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School Canteen Project Caters to Girls' Education

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Education Girls' Rights

In rural parts of Guinea, the poverty and malnutrition rates are alarming, with many people suffering food shortages and hunger. Despite an abundance of natural resources, one in five households in Guinea are food-insecure and nearly a quarter of children are malnourished.

When children go to school hungry, their concentration and ability to learn is affected. Many children – particularly girls – simply stop going to school because their families need them to help in the fields or perform domestic duties.

“In this school, we have children who come from the surrounding villages. Some children travel 10 kilometres each way, every day, and lessons are from 8am to 5pm. Imagine these pupils who are from these villages and have to go back at lunch time to get something to eat, some of them don’t come back and others come back late. Some boys end up dropping out of class to do field work or for the girls, housework,” explains Bintou, who leads the school management committee.

Keeping Children in School with Daily Meals

To help children stay healthy and well-nourished while in school, Plan International in partnership with the German Agency for International Cooperation (GIZ) and the World Food Programme (WFP) have implemented a pilot project at two primary schools in Kissidougou prefecture to construct canteens where food can be stored, prepared and served to schoolchildren each day.

Rice is prepared for the school lunches
Rice is prepared for lunch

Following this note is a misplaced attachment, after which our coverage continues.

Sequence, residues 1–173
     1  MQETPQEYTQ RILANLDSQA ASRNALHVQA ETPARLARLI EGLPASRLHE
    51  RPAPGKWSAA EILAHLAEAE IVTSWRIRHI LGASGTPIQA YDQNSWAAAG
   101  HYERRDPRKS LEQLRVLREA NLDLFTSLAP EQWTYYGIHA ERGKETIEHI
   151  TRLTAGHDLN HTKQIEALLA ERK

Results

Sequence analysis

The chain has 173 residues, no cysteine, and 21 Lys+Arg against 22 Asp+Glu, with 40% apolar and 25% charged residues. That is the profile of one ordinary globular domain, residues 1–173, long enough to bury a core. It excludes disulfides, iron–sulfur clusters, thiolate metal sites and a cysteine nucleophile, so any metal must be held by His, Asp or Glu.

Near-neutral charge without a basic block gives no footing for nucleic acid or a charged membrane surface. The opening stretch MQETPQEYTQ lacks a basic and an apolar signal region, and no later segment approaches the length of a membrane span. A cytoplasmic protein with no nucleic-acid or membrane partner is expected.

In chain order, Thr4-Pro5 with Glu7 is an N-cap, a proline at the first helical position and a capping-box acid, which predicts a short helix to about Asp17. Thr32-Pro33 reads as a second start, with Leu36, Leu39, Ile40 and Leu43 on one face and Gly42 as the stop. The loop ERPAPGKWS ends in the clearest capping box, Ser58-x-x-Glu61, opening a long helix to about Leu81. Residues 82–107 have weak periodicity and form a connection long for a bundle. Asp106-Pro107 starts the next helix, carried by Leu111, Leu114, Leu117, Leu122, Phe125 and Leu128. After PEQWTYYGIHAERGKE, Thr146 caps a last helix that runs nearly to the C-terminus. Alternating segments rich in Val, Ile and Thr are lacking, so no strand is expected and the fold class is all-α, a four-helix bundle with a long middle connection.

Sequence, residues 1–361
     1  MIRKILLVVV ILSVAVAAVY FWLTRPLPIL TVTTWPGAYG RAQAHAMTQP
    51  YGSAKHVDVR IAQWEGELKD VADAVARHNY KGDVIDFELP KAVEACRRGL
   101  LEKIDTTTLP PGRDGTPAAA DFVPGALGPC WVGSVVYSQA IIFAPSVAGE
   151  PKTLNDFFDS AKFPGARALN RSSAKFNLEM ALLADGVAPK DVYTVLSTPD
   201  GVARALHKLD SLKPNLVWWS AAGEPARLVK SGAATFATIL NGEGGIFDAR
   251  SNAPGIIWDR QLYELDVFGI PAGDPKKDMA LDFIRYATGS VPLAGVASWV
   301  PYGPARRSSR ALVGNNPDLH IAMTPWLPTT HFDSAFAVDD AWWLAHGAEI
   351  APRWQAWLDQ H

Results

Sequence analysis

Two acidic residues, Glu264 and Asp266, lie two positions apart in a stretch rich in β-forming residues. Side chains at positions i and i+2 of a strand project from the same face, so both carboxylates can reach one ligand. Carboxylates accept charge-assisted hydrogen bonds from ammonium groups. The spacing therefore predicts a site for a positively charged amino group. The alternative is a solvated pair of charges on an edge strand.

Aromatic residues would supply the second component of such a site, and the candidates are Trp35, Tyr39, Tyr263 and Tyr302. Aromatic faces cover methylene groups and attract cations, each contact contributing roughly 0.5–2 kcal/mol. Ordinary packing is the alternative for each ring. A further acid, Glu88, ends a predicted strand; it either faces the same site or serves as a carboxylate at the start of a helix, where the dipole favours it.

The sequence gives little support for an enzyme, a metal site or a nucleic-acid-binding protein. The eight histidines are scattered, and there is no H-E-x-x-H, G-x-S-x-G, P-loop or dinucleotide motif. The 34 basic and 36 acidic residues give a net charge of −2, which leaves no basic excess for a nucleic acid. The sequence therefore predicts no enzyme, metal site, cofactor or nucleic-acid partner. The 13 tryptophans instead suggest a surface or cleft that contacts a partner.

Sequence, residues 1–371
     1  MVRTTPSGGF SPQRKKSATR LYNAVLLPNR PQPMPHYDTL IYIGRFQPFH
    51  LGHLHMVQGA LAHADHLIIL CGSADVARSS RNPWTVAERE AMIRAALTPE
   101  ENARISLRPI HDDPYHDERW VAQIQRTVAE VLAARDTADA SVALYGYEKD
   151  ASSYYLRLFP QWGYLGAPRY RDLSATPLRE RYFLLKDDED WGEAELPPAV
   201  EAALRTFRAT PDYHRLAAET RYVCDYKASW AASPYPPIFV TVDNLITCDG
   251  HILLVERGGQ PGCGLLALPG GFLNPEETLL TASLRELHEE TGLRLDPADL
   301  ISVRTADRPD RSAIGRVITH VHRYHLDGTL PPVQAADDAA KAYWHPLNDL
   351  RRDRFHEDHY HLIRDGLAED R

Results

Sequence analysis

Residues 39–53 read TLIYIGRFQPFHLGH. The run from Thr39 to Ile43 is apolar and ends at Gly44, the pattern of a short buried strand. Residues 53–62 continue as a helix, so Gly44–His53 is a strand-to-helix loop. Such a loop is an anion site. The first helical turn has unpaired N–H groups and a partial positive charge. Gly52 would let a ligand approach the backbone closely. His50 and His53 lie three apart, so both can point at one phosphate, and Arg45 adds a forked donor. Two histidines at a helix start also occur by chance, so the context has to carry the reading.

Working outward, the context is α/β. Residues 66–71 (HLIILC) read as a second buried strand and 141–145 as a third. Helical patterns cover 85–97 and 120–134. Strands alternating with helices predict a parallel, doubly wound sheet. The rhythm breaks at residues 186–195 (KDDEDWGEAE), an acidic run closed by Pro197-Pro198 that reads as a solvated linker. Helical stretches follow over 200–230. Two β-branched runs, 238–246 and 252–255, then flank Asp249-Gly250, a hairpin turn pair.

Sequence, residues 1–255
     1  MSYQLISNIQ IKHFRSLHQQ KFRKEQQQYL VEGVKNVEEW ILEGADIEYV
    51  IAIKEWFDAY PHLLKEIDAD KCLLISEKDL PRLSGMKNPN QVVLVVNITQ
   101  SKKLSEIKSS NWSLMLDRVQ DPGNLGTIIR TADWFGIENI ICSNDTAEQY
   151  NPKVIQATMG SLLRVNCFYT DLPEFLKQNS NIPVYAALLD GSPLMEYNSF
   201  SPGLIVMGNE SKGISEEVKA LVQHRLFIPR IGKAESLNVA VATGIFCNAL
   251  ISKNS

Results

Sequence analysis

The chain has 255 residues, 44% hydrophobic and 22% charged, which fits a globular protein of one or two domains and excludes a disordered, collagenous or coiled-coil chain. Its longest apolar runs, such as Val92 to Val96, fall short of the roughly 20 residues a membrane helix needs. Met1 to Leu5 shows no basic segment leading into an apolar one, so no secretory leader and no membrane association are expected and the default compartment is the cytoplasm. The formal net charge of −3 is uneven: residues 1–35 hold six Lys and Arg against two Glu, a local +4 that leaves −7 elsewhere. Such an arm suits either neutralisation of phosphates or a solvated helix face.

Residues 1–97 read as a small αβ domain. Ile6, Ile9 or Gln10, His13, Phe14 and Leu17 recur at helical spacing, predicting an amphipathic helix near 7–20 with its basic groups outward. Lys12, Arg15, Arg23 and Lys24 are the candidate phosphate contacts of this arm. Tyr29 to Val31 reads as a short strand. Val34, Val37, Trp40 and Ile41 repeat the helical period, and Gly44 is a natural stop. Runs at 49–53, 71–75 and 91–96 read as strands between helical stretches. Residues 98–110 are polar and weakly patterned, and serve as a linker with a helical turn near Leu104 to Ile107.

“Plan International, in addition to building our school, has returned with two other partners to announce their plan to modernise our canteen, this time with all the technology needed to cook and preserve food. This goes straight to our hearts,” says Bintou. “As president of the management committee of this school, we guarantee that these achievements once completed will be managed wisely and will benefit our children.”

Plan International is leading the construction of the canteens, while GIZ is in charge of installing solar power systems and buying new stoves and refrigerators to help food stay fresh for longer. The WFP is responsible for the provision of food to the schools and for monitoring and evaluating the success of the project.

“A school meal is equivalent to a household income for children from rural areas, which can represent considerable savings for families with several children in school”

The local authorities have also welcomed this initiative, which they say could be a first in Guinea and especially in rural areas. “A school meal is equivalent to a household income for children from rural areas, which can represent considerable savings for families with several children in school,” explains the Prefectural Director of Education for Kissidougou.

Benefits of School Meals for Girls

“The benefits of these school canteens goes far beyond the issue of school meals. They have implications for equity and inclusion in education. Ensuring good results, especially for girls, is related to school performance, enrolment in school and increased attendance. The construction of school canteens can reduce vulnerabilities and boost family incomes.”

Girls at school in guinea
Girls at the school

While school canteens alone are not enough to ensure education for all children, they have proven to be a powerful factor. Better health and nutrition will enable children to learn and perform better, broadening their educational opportunities. School meals also act as an incentive for families to enroll and keep their children in school, and dissuade parents from marrying their daughters off early, which halts their education and limits their life opportunities.